It’s a common dilemma for many high-net-worth individuals who show any interest in early-stage investing: Everyone wants to pitch you on their idea.
Early-stage investing can come in different forms—from seed capital for family and friends to angel funding and venture capital (typically $5 million and up).
There can be terrific benefits for investing in new ventures, both personally and financially. At some point, however, an ad hoc approach doesn’t make sense. Not only does it make fielding requests – and saying no – all the more difficult, it likely won't produce the best investment results. A better strategy is to put parameters around the kinds of companies you’ll consider, based on your investment goals, secondary objectives, risk tolerance and broader portfolio.
Here are 5 questions to ask yourself to help build a framework for early-stage investing.
Why are You Interested in Backing New Ventures?
For most early-stage investors, taking a flyer on a fledgling company isn’t purely about making money. In fact, there are generally far less risky ways to earn an investment return. Consider the odds of success, or lack thereof: roughly half of businesses fail within five years and two out of three go under within the first 10 years, according to the Small Business Administration.
Then again, many early-stage investors can’t help but be intrigued by the idea of spotting the next Unicorn. In 1995, the venture capital firm Kleiner Perkins Caufield & Byers invested $8 million in a small Seattle company that sold books on the internet. Four years later, that investment in Amazon.com had earned a return of 55,000%, according to Forbes and Fundable. The market value of Amazon.com was recently nearly $950 billion.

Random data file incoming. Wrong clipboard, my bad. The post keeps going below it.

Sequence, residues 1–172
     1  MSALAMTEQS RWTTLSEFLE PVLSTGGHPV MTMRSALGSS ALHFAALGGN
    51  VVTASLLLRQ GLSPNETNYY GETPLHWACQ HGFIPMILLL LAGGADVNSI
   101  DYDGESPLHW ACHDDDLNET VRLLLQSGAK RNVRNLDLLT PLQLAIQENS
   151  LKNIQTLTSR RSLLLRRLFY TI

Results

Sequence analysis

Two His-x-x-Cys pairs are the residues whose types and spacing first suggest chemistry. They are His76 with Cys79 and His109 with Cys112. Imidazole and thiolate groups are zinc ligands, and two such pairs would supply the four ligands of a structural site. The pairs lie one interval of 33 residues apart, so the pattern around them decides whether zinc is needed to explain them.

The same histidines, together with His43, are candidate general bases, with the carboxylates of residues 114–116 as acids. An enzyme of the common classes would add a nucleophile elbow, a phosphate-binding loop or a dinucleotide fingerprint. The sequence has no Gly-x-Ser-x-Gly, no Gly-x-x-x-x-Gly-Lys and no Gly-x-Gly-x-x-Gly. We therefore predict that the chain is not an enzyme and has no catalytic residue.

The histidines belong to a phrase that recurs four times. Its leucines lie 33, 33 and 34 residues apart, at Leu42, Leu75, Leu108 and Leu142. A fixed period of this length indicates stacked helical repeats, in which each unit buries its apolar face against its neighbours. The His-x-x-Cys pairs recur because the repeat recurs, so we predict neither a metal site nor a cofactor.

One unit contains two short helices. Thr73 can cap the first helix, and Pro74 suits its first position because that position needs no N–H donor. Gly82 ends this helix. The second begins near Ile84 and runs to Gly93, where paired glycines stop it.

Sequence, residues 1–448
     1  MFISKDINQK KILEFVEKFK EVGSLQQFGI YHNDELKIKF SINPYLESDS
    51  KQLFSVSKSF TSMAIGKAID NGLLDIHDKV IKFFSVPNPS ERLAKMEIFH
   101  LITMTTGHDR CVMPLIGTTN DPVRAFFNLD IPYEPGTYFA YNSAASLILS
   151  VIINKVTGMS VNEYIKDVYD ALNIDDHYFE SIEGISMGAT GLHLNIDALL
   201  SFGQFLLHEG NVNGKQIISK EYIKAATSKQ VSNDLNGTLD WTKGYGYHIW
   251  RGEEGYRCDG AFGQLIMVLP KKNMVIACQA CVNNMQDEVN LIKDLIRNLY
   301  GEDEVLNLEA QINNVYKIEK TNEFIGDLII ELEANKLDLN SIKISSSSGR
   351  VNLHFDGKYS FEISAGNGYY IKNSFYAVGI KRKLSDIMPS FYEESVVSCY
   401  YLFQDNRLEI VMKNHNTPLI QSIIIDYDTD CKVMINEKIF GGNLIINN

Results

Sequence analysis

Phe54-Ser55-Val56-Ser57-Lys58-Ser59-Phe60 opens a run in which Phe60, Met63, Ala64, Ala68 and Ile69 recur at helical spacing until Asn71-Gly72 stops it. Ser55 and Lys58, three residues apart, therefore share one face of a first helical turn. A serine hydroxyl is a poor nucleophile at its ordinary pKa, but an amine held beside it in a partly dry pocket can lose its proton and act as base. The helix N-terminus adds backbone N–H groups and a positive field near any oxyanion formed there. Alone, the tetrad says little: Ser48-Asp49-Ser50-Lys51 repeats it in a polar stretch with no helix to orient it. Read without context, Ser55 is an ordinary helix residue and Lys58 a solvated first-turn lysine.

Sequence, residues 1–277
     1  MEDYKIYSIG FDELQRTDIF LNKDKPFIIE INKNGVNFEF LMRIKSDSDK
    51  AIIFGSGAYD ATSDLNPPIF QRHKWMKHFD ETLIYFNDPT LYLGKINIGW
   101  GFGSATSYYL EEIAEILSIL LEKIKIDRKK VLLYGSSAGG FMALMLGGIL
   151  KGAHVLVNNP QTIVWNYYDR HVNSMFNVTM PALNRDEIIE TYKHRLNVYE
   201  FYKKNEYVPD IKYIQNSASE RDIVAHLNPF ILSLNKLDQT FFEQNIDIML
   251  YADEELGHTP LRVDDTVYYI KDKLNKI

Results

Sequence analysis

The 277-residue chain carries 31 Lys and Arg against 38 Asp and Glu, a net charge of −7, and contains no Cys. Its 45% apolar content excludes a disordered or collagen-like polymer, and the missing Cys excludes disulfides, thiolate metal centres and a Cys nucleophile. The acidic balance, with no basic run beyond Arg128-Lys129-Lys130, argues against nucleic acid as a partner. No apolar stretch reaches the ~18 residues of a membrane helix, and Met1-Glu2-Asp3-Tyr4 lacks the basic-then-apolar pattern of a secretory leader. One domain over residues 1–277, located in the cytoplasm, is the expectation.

Even so, for most high-net-worth individuals, the motivation behind early-stage investing is less about returns and more about other factors. Such investments can be an opportunity to make a social impact, give back to a community, scratch an entrepreneurial itch, make connections in a new industry, or simply help out a friend or family member.
There is no right or wrong answer to the question of “why” you’re investing, but understanding your motivation is a key first step in creating a strategy.
How Much Can You Invest and In What Increments?
Another key step is determining how much of your investable assets you should allocate to start-ups. Every investor, regardless of net worth, should start with a budget. There are no hard-and-fast rules for how much is appropriate, as it depends on any number of factors, from overall wealth and lifestyle to general views on money.
That said, most advisors recommend that individuals invest only money they could afford to lose. To be sure, early-stage investments should come from funds that are set aside for experimental projects and can be stoically parted with without an impact to your financial wellbeing. Start small and as your experience with successful exits and comfort levels grow, gradually increase your investment levels.